The importance of work-life balance and the relevant laws regarding holidays, rest periods, working hours, and night shifts should not be underestimated. Achieving work-life balance means recognizing an employee's right to a fulfilling life both inside and outside their job. This benefits both the individual and the organization they belong to. Allowing employees to find a harmonious balance between their personal and professional lives can lead to a motivated and committed workforce. Legislation plays a vital role in facilitating the implementation of work-life balance. For example, the Organization of Working Time Act 1997 states that employees cannot be forced to work more than an average of 48 hours per week. This ensures that all employees have time for personal activities outside of work, ultimately creating a workforce that is loyal and dedicated.

The Maternity Protection Acts of 1994 and 2004 provide legal support for various family-related matters. These include maternity leave, paternity leave, adoption leave, and dependants leave. According to these Acts, female employees have the right to take 26 weeks of Maternity Leave with the option of an additional 16 weeks unpaid if necessary. Furthermore, pregnant employees are entitled to paid time off work for ante-natal care appointments and are guaranteed reemployment in their original position or a comparable one in terms of grade and location. It is worth noting that male employees do not currently have provisions for paternity leave (paid or unpaid) under Irish employment law.

According to employment law, annual leave taken after the birth of a child is treated the same as leave taken at any other time. The employer has the authority to determine who can take annual leave during a specific period. In Ireland, male employees are not legally entitled to unpaid or paid paternity leave; however, they may qualify for parental leave under the Parental Leave Act 1998 and 2006 (amendment). Parental leave allows both qualifying parents to take up to 14 weeks of unpaid absence from work for children up to eight years old. If an employee has multiple children, parental leave is limited to 14 weeks within a 12-month period but can be extended with consent from the employer.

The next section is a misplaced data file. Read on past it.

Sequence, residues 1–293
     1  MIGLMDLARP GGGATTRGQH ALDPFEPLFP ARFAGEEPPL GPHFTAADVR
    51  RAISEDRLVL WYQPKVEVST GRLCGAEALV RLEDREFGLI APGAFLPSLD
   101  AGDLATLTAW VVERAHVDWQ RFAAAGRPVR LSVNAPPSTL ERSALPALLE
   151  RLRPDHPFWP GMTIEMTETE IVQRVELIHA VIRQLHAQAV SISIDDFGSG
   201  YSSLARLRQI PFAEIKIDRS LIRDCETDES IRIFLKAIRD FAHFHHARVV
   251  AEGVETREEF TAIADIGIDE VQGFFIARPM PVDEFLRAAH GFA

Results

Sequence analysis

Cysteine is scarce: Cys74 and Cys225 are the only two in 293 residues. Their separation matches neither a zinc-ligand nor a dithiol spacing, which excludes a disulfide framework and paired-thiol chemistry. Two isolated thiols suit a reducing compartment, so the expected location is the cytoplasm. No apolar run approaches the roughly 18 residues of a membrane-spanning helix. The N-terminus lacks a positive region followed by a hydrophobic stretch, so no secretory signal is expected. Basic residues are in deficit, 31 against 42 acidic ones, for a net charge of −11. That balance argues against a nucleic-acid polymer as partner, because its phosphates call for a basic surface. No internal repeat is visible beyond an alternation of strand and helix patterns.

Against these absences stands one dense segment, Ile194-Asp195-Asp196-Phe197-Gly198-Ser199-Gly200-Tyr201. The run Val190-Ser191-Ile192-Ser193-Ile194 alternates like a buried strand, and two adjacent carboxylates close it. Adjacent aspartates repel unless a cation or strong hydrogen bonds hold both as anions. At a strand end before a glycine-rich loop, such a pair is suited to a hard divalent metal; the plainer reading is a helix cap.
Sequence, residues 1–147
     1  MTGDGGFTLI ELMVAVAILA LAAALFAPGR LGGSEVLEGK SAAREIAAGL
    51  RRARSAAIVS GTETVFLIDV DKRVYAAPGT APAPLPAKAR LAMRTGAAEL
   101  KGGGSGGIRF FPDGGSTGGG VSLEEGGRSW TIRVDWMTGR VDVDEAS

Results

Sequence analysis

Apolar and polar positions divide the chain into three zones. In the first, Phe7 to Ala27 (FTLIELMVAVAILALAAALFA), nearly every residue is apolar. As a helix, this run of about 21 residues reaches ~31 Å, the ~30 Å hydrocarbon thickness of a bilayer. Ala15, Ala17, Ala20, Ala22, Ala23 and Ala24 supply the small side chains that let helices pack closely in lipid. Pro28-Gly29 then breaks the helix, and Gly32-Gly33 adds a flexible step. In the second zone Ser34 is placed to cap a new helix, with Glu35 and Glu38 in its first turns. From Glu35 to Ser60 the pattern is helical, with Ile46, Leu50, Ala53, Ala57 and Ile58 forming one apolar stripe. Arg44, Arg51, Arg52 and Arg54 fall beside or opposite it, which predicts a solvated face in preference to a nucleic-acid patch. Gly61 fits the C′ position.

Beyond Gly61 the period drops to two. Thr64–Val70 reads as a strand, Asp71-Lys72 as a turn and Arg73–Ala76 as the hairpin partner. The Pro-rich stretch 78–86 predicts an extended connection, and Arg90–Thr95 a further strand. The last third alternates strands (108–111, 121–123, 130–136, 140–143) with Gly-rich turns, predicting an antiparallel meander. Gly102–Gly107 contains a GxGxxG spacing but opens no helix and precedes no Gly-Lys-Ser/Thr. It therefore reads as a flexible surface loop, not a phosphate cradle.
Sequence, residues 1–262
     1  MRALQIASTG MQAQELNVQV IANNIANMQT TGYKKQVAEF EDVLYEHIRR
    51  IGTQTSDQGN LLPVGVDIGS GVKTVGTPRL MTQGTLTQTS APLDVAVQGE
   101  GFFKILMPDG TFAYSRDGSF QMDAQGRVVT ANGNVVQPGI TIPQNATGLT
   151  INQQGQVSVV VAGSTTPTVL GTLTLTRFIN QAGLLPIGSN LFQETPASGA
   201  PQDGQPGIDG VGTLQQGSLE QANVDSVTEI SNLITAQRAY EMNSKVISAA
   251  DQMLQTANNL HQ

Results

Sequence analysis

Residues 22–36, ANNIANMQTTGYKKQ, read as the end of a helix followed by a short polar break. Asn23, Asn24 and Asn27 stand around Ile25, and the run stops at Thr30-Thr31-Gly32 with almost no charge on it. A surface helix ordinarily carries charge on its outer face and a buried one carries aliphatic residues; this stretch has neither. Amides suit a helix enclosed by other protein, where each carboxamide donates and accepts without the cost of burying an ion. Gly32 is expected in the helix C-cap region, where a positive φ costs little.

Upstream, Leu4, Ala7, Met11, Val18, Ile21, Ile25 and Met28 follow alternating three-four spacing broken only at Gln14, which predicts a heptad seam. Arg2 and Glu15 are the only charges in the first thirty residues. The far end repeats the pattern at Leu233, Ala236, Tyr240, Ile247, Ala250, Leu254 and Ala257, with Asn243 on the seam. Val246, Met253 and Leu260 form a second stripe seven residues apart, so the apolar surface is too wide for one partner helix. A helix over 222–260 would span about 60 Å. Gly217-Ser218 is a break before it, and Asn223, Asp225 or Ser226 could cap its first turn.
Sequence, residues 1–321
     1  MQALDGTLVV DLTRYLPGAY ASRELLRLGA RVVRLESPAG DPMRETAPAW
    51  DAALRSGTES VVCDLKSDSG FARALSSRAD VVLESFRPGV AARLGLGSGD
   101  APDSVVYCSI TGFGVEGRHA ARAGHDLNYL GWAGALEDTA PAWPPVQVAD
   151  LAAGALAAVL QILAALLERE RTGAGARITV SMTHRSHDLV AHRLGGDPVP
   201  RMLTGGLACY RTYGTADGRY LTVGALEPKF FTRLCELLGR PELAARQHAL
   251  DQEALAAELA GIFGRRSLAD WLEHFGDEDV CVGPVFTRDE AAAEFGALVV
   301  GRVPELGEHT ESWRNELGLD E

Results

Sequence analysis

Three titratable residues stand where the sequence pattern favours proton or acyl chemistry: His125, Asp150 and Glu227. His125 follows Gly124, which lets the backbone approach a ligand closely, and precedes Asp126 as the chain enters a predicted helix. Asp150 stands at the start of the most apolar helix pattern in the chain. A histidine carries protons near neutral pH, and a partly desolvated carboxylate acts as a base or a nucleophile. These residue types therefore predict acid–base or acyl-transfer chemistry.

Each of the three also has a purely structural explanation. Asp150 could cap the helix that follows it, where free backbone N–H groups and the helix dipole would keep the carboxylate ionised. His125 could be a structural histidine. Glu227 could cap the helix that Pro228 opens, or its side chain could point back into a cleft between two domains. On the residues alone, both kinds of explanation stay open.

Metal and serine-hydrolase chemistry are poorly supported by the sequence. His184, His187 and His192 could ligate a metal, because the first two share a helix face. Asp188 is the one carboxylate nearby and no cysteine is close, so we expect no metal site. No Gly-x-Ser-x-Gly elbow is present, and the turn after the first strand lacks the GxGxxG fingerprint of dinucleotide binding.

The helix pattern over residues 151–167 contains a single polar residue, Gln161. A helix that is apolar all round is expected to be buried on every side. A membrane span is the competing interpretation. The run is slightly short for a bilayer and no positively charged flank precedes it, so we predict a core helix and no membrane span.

The Adoptive Leave Act of 1995, as amended in 2005, states that adoptive leave is only given to the adoptive mother, unless the sole adopter is male. At present, adoptive leave lasts for 24 weeks. Furthermore, individuals can opt to take an extra 16 weeks of unpaid adoptive leave after this initial period.

The Carer's Leave Act 2001 in Ireland allows employees to take temporary leave from their job to care for someone requiring constant attention. The minimum duration of this leave has been extended from 65 weeks to 13 weeks, while the maximum allowed period is 104 weeks. It should be noted that carer's leave does not come with any payment, but the Carer’s Leave Act ensures that individuals who opt for this option will retain their positions during their absence.

2 reasons why employees should be treated fairly in relation to pay:

Discrimination occurs when individuals are treated unfairly in terms of pay or benefits because of their demographic characteristics, such as age, disability, race, sexual orientation, religion, or beliefs. For example, if a man and a woman hold the same job at a company, they should be paid equally. If an employer pays an employee less than others or denies certain benefits based on personal attributes, it would be considered illegal discrimination.

The impact of the psychological contract on morale and motivation within an organization is significant. If employees perceive unfair compensation, it can cause a decline in overall staff morale and motivation. Consequently, this leads to higher rates of absenteeism and below-average performance. From my own experience, employees frequently share their experiences with each other.

The main components of equalities legislation consist of direct and indirect discrimination, harassment, and victimisation.

Direct discrimination refers to the act of an employer discriminating against someone based on their age, race, sex, disability, religion, or sexual orientation. To establish direct discrimination, a direct comparison is required. For example, in cases of disability discrimination, the comparison should be made between a person with a disability and someone without any disabilities or between individuals with different disabilities.